Community Weighing Scales
A pioneering partnership between BCHC and a leading firm of medical weighing equipment manufacturers is on the path to developing a new set of scales for people in a wheelchair. The project was initiated by community dietitians who routinely have to carry a bulky set of apparatus into the homes of people across Birmingham who are tube-fed.
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The Community Weighing Scales were developed in partnership with Birmingham Community Healthcare NHS Foundation Trust and a leading firm for medical weighing equipment manufacturers called Marsden. Sue Meredith a clinical lead for Paediatric Dietetics and Enteral Feeding within Birmingham Community Healthcare NHS Foundation Trust identified issues with the existing weighing scales that were being used by community dietitians that provide nutritional care and assessments in patients homes. From this she suggested that new weighing scales should be created to help improve patient care and the issues that community dietitians and nurses were having.
“Community dietitians are providing nutritional care and assessment in people’s homes where sometimes space or access may be quite limited.
“Everyone who has had to use the existing equipment says it’s too bulky. Some staff have assessed it is too heavy to carry themselves, therefore patients weren’t getting the level of assessment we would expect as routine. So, having identified the issue, we approached the research and innovation team to ask about developing some smaller and lighter scales.” - Sue Meredith, clinical lead for paediatric dietetics and enteral feeding
How did the Innovation Exchange help?
There were many challenges that were identified by Sue and the dietitian team, when it came to the existing weighing scales that they were using to provide nutritional care and assessments in patients homes. With the existing weighing scales many of the staff became reluctant to use them, due to the sheer size and weight of the scales (around 18kg). Staff had to transport the wheelchair scales to and from their care to the patient’s home which sometimes would mean carrying them up flights of stairs. As the wheelchair scales were heavy and bulky many staff members felt like this would increase the risk of their own injury. In addition, some staff were unable to fit the scales in their cars, and there was a risk of damaging patient’s homes due the length of the beams.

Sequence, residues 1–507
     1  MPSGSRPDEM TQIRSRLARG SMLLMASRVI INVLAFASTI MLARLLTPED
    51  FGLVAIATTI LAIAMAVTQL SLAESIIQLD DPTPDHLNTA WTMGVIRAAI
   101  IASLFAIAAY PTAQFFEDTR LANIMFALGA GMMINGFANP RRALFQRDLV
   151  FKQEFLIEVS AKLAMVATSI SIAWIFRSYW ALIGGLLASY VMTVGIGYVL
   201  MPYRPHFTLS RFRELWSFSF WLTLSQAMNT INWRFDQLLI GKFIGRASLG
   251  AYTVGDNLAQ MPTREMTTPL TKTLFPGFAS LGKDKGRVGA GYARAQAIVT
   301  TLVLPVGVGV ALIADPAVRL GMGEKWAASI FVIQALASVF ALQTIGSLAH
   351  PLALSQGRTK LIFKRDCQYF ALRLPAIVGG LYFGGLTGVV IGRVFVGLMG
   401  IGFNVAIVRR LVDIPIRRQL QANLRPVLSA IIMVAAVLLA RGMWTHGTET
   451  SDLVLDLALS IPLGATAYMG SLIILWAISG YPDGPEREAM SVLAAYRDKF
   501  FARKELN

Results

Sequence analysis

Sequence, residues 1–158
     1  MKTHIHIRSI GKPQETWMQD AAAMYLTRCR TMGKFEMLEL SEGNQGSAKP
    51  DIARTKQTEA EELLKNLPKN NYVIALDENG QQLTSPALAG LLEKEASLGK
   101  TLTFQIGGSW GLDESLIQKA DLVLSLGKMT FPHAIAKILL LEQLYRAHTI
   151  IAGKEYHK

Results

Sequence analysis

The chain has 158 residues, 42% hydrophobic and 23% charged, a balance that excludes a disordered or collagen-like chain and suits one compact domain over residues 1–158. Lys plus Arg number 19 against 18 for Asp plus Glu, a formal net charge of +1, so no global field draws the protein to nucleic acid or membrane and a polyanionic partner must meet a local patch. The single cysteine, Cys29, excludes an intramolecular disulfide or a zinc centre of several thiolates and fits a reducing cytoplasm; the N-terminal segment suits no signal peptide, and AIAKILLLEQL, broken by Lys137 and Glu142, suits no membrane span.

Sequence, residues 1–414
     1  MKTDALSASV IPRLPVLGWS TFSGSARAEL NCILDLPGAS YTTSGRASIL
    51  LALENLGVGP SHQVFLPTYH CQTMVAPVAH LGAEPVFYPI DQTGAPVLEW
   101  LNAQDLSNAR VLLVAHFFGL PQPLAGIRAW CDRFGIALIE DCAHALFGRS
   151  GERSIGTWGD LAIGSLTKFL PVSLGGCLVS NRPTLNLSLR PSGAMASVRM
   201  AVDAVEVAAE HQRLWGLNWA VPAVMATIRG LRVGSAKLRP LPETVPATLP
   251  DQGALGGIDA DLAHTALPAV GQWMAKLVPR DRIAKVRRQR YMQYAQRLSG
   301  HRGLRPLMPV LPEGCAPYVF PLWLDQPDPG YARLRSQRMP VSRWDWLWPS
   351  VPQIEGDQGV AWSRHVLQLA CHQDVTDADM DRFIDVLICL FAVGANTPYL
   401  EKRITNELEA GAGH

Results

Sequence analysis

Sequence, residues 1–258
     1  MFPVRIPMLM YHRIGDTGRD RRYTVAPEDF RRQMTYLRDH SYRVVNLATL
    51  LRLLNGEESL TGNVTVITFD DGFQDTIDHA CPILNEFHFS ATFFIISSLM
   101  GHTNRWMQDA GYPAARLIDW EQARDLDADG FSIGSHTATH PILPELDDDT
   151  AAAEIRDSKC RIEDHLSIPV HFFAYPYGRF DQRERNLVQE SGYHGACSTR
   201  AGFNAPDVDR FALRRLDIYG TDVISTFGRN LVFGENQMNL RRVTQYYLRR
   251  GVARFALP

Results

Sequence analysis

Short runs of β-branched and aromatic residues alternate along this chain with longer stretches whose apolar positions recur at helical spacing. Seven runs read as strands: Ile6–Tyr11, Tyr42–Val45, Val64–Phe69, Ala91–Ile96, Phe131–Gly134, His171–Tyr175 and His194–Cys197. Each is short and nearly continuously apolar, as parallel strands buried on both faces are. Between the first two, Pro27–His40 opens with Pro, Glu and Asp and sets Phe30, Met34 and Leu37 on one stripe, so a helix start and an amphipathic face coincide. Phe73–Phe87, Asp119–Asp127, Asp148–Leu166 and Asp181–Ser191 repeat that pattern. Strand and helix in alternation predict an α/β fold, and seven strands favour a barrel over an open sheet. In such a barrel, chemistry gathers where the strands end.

As many staff members could not carry the weighing scales and some staff members were reluctant to sue to the injury it could cause them. This meant that routine nutritional screening was not being completed for nutritional vulnerable patients at their homes. Often staff would have to do home visits in twos to complete nutritional screening as the scales would be too heavy for one person to carry alone. If weighing a patient was not complete it meant that it was difficult to give patients feedback on their progress.
With these issues identified the Trust began working with Marsden, with MidTECH making initial contact with them, MidTECH helped arranging discussions and it was agreed that Marsden and the Trust would work together to create and manufacture a weighing scale for wheelchairs that were easier to transport, lighter, simpler to use and ideal to be used by community dietitians and health nurses. The wheelchair weighing scales that were produced are suitable for almost any wheelchair.
Impact & Outcomes
There are many positive impacts and outcomes that have come from the new Community Weighing Scales. For example:
- The weighing scales now consist of two lightweight beams and an indicator to read the weight of the patient.
- Each beam is connected by a series of hinges and has a built-in handle to make it easy to transport.
- A carry case for the weighing scales also comes with wheels so that the weighing scales are easier to transport.
- The scales come with an internal rechargeable battery.
- The weight of the new scales is 9.8kg which is nearly half the weight of the previous scales.
- Full numeric keypad is included to measure BMI in seconds.
- Easy to use and can be set up within minutes.
- The weighing scales come with gentle incline ramps.
- The weighing scales fit nearly all wheelchairs.
When it comes to weighing a patient, the weighing scales case is placed on the floor and the latch is opened. Once the latch is opened the beams can then be unfolded onto the floor. The scales need to be switched on before the patient is weighted on their wheelchair. The weight of the wheelchair can be removed meaning that only the patients weight it displayed on the indicator. The patient’s height can also be entered meaning that the scales can also calculate the BMI of the patient.
All these new features have made it easier for community nurses and dietitians to weigh patients and tell them about their progression.
This innovation addresses the national clinical priority of creating a weighing scale that allows community nurses and dietitians to weigh patients in a safe way so that they can tell them about their progression.